Janice Winter
Janice Winter

The state of the state

If the state is judging the state of the nation, then it’s up to the nation to judge the state of the state

The shower head is back: and this time it’s super-sized. I’ll be interested to see its proportions and position after yesterday’s State of the Nation Address. Last night President Zuma was in your lounge addressing you via SABC on his view of the state of our nation. Considering that his official verdict differed in detail from my unofficial own, and knowing that this is exactly where the devil is said to lie, I thought I’d scan the national headlines and use these as a barometer of truth for his talk.

The themes covered in the papers are largely in keeping with those mentioned in Zuma’s address: the 2010 Fifa World Cup™, crime, governance, service delivery, the fight against HIV/Aids, good governance and accountability and our democracy 20 years on from Mandela’s release. So let’s go through a few of them:

One issue on Zuma’s agenda was the 2010 Fifa World Cup™, with our president emphasising how we are on schedule in our preparations, and encouraging citizens to celebrate the event, buy tickets to attend matches and support Bafana Bafana. While I share in his optimism about the event, there was much that was not said in his speech. His celebratory line was similar to that expressed on the City of Joburg’s website: “Match venues are upgraded and ready; there is safety and security around match precincts and free access to the city; there are adequate healthcare services and facilities; there is a concrete financial environment; there is a reliable public transport system; infrastructure can cope with the volume of people expected … “

While the website celebrates the “greening” of Soweto with the planting of 200 000 trees in advance of foreign tourists, it fails to engage with what I see as the double standards of provision. My guess is that if local residents were asked what they would most value as a government provision, running water, sanitation, electricity or healthcare would trump trees. I am also sceptical of the local government’s choice of the accessible and tour-guided Soweto over Alexandra, Orange Farm or Zevenfontein, for example.

On the subject of our national image during the World Cup was this week’s Mail & Guardian headline: “Vuvuzelas not instruments of war”, recounting Minister of Police Nathi Mthethwa’s assurance to “sensitive” Europeans that the vuvuzela is not an instrument of violence and that “It takes an African, a South African, to understand … ” After having a good giggle at his statement, I must confess that I’m not convinced it is the vuvuzelas that are stopping sensitive Europeans from buying tickets, but rather a reality that not even a stab-proof vest can protect against:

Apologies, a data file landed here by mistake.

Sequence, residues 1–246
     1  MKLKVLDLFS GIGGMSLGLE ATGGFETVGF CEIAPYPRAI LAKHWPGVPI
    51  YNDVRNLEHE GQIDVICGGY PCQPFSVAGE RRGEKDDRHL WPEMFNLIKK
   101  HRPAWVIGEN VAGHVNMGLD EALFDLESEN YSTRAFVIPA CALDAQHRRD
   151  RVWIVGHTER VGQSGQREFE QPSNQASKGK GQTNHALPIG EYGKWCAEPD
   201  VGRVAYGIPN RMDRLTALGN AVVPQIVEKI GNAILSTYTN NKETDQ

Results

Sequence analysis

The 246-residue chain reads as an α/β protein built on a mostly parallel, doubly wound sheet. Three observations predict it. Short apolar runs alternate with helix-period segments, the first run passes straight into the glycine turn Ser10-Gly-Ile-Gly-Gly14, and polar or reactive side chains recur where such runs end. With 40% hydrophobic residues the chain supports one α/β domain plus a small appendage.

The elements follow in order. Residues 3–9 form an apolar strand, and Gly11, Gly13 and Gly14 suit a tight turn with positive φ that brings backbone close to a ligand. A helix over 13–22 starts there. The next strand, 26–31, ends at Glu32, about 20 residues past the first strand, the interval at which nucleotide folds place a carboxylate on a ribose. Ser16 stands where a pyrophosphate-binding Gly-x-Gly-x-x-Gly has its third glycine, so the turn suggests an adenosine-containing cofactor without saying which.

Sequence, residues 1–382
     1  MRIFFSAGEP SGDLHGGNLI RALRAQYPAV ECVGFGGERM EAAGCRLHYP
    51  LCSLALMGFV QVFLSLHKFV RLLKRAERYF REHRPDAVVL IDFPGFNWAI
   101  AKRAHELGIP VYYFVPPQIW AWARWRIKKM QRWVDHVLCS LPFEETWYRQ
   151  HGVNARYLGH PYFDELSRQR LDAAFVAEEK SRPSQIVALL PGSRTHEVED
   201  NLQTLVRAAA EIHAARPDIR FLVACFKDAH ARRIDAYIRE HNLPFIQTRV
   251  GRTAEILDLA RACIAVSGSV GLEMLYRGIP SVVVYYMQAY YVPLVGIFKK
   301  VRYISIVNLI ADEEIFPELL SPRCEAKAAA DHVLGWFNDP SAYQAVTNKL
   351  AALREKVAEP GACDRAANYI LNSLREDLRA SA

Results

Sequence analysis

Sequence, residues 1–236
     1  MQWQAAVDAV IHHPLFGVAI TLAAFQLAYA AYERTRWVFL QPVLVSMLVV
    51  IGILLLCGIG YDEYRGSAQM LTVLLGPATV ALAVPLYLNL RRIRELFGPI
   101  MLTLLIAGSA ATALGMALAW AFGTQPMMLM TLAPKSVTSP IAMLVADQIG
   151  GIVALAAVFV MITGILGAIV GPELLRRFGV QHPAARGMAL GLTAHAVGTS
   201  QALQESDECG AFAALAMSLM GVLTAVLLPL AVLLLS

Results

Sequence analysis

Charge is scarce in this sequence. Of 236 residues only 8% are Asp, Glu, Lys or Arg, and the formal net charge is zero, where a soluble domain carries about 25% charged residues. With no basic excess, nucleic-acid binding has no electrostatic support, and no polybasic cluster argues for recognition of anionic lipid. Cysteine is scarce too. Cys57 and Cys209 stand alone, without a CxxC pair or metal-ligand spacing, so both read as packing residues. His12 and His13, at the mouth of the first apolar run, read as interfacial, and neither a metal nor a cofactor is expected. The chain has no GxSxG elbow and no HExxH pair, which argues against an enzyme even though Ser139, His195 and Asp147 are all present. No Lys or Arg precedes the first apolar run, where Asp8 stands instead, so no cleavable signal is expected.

My Facebook homepage shows a friend’s status saying how he became “an official JHB statistic” on Monday when he was forced to lie down with a 9mm pushing into his face and was stripped of his possessions. A concerned comment from a friend empathises, recounting a similar experience that occurred outside her house on Saturday. Joburg’s assurances of security around match precincts are of little consequence if safety is threatened in cars and homes. Also making headlines yesterday was the news that e.tv’s self-confessed criminal is allegedly “schizophrenic”, which is sad for him, but I’m not sure is relevant to the greater issues at hand in his fame: a) gun-happy criminals waiting for World Cup visitors in order to enact colonial redistribution or just chance their luck for forex through crime, and b) the subsequent police subpoenas on the media for their (albeit sensationalist) interviews with the criminals.

Another headline declares: “ANC distances itself from Mpumalanga hit list”, in reference to an alleged hit list targeting people who stood in the way of access to Soccer World Cup tenders that was first reported by the Sunday World. Reports about this alleged hit list resurfaced this week, when the Sunday Times listed the names of at least 12 local leaders who had died under “suspicious circumstances” in Mpumalanga since 1998, received death threats, disappeared or survived assassination attempts. While the hit list may prove nothing more than conspiracy theory or media hype, and the murders bizarre coincidence, the fact that these links are even possible are worrying.